Recovering the rails
Rail - the whole, covered rail.
Rail rubber or Rail cushion - what the ball bounces off. The part covered by the felt.
Featherstrip - a wood or plastic strip that holds the felt to the top of the rail.
* Don't get confused with the words "cloth" and "felt", they mean the same thing.
Setting the featherstrip
Make sure the featherstrip channel is cleaned out.
Lay the rail felt out on the rail.
Make sure the "TOP" sticker is face down at this point so when you turn the cloth over to staple it will then be face up. Take the sticker off when done with the rail. Start working the featherstrip into the channel by hand.
Use a pounding or flat block with a wooden featherstrip. Use a seam roller with flexible plastic featherstrip.
The featherstrip holds the felt on the top of the rail. Once pressed into the channel it should be flush with the top of the rail. If it doesnt come out right, pull the featherstrip and start over. Be careful with wood featherstrips as they like to break.
Be VERY careful at this point. Note here which part of the cloth is being cut - which is the excess closest to the rubber part of the rail.
Make sure the top looks good and flush before starting to staple the bottom. Brush the rubber and felt by hand to clean any dirt or debris. Make sure there are no felt pieces or lint. Anything that gets in between the felt and rail rubber will create bumps on the finished rail. Now flip the rail over to start stapling the bottom. Follow the pictures below. Make sure you read the instructions on the previous page so you know which rail end to start with especially for the 2 end rails.
Pull the felt snug as you staple. DONT pull too tight or you will pull the felt out of the featherstrip channel.
Installing the bedcloth
Before you do anything, make sure the slate is screwed down, the table is level and you have applied filler to the slate seams and any holes or gouges in the playing area of the slate. Any imperfections you dont fix now will be noticeable once the felt is applied. Use a damp cloth to clean the slate of any dust, dirt or debris. Allow to dry. Now use your hands and clean the slate again. By using your hands you can feel for any problems with the slate so they can be fixed before applying the bedcloth.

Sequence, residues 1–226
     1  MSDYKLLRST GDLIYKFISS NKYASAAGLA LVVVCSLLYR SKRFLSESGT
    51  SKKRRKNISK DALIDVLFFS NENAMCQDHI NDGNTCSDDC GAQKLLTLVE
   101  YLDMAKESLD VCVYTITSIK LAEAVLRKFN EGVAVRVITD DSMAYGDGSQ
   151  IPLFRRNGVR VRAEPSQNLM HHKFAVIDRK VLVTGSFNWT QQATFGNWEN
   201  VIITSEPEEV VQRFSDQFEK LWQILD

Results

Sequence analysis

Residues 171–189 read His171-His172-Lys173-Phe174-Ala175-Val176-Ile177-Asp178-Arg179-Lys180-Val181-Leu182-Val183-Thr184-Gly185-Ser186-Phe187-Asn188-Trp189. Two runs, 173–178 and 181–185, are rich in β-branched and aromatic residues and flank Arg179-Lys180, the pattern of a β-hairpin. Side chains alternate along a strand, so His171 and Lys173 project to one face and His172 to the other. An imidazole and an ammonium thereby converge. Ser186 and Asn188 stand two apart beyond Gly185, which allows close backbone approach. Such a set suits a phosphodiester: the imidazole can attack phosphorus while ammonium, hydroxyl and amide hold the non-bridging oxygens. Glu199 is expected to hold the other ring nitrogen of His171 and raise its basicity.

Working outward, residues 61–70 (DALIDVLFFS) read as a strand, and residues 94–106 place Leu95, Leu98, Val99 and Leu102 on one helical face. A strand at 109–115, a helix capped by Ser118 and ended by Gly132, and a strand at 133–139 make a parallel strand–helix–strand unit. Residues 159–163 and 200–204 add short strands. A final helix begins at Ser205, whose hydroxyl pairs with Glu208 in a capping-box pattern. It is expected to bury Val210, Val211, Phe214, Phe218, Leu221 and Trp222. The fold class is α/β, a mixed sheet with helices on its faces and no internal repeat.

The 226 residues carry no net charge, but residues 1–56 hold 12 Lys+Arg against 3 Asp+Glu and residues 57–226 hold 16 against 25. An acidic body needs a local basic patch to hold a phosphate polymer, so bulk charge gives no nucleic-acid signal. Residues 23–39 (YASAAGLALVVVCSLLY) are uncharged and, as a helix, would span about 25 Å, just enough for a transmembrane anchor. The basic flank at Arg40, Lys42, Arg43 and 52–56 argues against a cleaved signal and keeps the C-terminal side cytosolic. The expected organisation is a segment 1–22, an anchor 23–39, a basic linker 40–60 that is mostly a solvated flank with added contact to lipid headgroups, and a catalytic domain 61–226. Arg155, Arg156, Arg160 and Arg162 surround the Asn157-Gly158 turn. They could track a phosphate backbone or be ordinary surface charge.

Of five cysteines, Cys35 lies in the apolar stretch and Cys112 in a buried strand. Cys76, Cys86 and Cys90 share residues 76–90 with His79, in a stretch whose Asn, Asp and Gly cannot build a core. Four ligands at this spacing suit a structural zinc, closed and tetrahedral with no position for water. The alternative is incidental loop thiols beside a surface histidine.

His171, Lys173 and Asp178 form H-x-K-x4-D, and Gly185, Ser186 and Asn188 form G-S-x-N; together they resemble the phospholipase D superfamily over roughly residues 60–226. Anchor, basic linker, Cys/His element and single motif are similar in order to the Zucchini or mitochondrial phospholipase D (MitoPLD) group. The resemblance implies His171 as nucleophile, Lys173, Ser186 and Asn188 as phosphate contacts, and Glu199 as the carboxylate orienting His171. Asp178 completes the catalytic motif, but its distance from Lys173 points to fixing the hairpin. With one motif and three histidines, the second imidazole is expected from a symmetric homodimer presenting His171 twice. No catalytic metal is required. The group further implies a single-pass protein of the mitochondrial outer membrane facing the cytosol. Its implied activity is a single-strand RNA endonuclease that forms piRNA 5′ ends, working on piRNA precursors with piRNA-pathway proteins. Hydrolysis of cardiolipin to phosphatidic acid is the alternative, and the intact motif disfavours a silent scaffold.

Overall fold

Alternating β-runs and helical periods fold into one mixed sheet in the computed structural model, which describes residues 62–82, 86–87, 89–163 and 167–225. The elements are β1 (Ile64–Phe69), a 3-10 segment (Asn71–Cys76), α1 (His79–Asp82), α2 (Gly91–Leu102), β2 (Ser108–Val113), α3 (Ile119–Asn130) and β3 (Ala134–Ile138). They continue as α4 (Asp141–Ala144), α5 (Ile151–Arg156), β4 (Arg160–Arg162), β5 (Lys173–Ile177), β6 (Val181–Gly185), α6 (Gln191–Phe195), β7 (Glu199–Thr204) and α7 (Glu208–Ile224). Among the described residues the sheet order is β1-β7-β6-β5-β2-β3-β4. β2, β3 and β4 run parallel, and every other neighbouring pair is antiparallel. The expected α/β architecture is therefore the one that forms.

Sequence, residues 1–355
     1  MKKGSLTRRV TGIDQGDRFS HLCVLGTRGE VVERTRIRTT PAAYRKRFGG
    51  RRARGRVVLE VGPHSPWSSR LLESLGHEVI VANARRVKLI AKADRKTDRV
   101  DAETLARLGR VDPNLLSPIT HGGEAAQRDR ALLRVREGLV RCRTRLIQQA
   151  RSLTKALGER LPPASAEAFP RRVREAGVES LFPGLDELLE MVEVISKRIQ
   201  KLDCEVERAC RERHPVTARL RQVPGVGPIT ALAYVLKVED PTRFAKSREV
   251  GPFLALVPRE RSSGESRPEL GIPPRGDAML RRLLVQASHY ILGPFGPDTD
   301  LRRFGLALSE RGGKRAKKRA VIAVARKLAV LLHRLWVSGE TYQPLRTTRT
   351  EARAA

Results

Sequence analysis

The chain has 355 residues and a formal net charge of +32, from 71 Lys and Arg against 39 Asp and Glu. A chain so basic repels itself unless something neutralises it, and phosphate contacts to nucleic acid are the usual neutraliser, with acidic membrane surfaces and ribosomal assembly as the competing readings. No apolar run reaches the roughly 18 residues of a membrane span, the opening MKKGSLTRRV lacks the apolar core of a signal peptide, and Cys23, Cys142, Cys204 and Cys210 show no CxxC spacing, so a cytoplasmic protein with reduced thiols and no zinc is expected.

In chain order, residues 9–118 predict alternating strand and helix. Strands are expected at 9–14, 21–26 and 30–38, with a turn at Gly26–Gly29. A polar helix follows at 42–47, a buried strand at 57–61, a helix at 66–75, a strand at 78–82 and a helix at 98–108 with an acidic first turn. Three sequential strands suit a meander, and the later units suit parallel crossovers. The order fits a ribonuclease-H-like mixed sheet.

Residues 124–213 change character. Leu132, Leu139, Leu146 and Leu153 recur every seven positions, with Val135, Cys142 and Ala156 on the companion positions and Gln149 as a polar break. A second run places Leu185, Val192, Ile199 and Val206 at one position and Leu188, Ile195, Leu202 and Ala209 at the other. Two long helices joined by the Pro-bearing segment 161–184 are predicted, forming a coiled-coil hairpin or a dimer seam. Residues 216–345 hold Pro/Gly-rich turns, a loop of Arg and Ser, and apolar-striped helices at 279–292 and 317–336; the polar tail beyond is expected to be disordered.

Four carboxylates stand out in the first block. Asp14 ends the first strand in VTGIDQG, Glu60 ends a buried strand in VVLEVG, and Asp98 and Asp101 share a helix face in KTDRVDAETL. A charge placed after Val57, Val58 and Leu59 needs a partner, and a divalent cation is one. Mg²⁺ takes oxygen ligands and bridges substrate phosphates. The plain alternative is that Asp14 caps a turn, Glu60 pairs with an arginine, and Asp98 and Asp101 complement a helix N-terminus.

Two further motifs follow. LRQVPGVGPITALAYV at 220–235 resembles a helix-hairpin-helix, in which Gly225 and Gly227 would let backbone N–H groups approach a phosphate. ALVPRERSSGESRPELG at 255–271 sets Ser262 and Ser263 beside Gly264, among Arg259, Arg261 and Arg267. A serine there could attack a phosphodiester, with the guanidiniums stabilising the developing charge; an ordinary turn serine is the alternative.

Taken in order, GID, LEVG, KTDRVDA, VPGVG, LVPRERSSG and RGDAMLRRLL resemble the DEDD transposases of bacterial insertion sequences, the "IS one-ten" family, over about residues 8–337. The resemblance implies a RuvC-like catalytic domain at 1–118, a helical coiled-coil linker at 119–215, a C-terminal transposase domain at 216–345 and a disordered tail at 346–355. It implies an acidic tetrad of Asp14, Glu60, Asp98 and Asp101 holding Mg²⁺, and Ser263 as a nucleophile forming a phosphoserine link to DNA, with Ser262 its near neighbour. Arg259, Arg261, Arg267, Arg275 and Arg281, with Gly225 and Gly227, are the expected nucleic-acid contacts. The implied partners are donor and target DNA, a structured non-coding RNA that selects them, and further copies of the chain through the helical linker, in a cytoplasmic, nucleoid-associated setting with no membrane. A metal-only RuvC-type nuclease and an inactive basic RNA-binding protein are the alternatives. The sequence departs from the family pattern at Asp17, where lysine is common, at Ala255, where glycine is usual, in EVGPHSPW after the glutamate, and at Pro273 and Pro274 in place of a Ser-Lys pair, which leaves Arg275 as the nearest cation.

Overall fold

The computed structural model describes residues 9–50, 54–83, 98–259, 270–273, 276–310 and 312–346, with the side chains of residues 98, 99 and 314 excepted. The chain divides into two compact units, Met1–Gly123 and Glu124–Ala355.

In the pictures below, application is shown using glue (contact glue, 3M #77). If you can use a stapler then just follow along and use staples instead. DO NOT STAPLE or GLUE in the 6 pocket cut outs at this time. DO NOT TRIM any excess felt until all 4 sides of the table are done.
If using spray glue, be aware of overspray. Use some old newspapers or cardboard to keep overspray from getting on the playing surface. Try to keep glue off your fingers also as you will surely get it on the playing surface and its a pain to get off. When using glue you want the cloth to adhere to the edge of the slate. If you get some on the top of the slate that is ok. It is not necessary to have any adhesion under the slate except in the pocket areas.
Start at 1 end and glue or staple.
Then go to the other end, pull the felt snug and staple. If using glue, pull the felt snug and determine about where the felt will match up with the edge of the slate. Flip the felt over so it is out of the way. Spray glue on the edge of the slate. Now spray glue about 6" wide on the felt where you determined it will match the slate edge when stretched. Allow to dry for about 3 minutes then pull snug and apply. The idea is to have the glued part of the felt meet the glued edge of the slate. If you don't get it exactly right, pull it off, restretch and reapply. The glue is workable for about 5 minutes so no need for any additional glue unless the felt is not sticking.
Pocket cuts NOW IS THE TIME TO BE SUPER-CAREFUL. Think and measure twice, cut once. Always cut a little less. Its easier to cut a bit more if you need to but if you already cut too much, its too late. Make sure you have a fresh blade in your razor knife. Sharpness is critical here.
If you need to make more cuts then shown here that is ok. The idea is to have the "felt fingers" fall rather loosely so they can be folded under the slate and be stapled or glued.
If using glue, make sure you have something behind the "felt fingers" so you dont overspray onto the playing area. We let them hang down (as in the previous picture) then spray from under the table so there is no chance of getting glue on the playing surface. Do that or put a piece of cardboard behind the "felt fingers" when you spray them.
Do not pull too tightly on the "felt fingers" or you may tear the cloth. Put a thumb on top, grab the bottom and fold under. If stapling, staple to the middle of the wood edge, then put any remaining felt underneath and staple. If gluing, the glue should adhere at the edge of the slate and under the slate.
You want to achieve a nice tight finish in the pocket areas.
Now replace the blade in your razor knive and cut out the holes for the rail bolts. Feel for the holes from underneath the slate. Be careful not to overcut the holes or cut your fingers.
Now you can install the rails. Additional Rail help can be found Here.